But then I realized this: If we all refused to work for nonprofits, we would guarantee that we’d never be cheated by one. But we’d also guarantee that a LOT of good in the world wouldn’t happen either.

    Every time you do something good, you risk being taken advantage of. At some point, that risk will catch up with you. I guarantee it. But I think if we love one another, we’ll take risks to help one another. I will risk being cheated so you can have shelter tonight, so doctors can find a cure for your disease, so you can have clean water to drink. …And just to be on the safe side, I’ll give to lots of organizations so I’ve upped my chance that my money will do something good.

    Reply
    • Sean Triner
      May 19, 2017 2:20 pm

      Hi Bethany
      Sorry I didn’t reply earlier – you make a really good point about risk. But the risk / reward is definitely in favour of a good outcome. On “Every time you do something good, you risk being taken advantage of” I think it is those rare nasty, selfish people who do this, give the sector a bad name. If we don’t trust, they harm us twice.

      Reply
  • I’m glad you visited Quora this time. 😉 Could not agree more on the issue of overhead. Here’s a link to an article I wrote on “What to Say When Your Donor Asks You How Much You Spend on Overhead.” http://clairification.com/2013/11/03/what-to-say-when-your-donor-asks-how-much-do-you-spend-on-overhead/

    Reply
    • Sean Triner
      May 19, 2017 2:24 pm

      Hi Claire
      Just letting you know I just shared your article on LinkedIn. I kept meaning to read it, but you know how it is. I just got to it and reckon everyone else should read it too… Ultimately, it should be about ‘what is the net good?’ not ‘what percentage of money…?’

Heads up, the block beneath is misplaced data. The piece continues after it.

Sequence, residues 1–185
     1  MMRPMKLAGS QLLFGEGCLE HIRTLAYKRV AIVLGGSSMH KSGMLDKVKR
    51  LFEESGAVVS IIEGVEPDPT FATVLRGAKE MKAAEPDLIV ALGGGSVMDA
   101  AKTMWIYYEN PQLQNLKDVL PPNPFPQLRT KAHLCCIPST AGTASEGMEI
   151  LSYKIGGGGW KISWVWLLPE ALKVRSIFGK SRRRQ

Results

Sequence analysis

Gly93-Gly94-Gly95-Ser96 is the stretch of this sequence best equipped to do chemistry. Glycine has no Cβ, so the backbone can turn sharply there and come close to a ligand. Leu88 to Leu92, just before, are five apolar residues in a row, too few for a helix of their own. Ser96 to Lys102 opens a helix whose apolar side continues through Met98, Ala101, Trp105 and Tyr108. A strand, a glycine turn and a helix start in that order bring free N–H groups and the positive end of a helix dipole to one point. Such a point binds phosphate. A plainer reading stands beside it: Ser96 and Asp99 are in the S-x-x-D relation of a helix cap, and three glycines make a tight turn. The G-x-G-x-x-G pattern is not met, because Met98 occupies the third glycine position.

Sean

      Reply
  • I suspect much of this is because of plain ignorance about how businesses and organizations work. People believe stuff just “happens,” and that “volunteers” can do it all. Except those people have never volunteered before, because if they did, they’d quickly get overwhelmed with how much there is to do. Anything worthwhile costs something. In my experience as a fundraiser, paid workers get it done. Volunteer workers support the paid ones. But volunteers simply can’t do the tasks that require consistent, ongoing attention, because they have lives and jobs and other priorities.

    Case in point: On a campaign we ran, we had 4 people take on our social media marketing at different points in a year. 3 of them were volunteers. Guess which one posted every week, consistently? The paid one.

    This same argument can be made about churches. Most pastors, even of large churches, make far less than leaders of similarly sized organizations. And yes, there are a few exceptions who give the rest a bad name. But running a church takes enormous diversity of skill and commitment, just like a charity. Should a minister be paid for doing this full time? Well if they weren’t, there’d be no churches. People have to eat and pay the rent.

    Reply
    • Sean Triner
      May 19, 2017 2:26 pm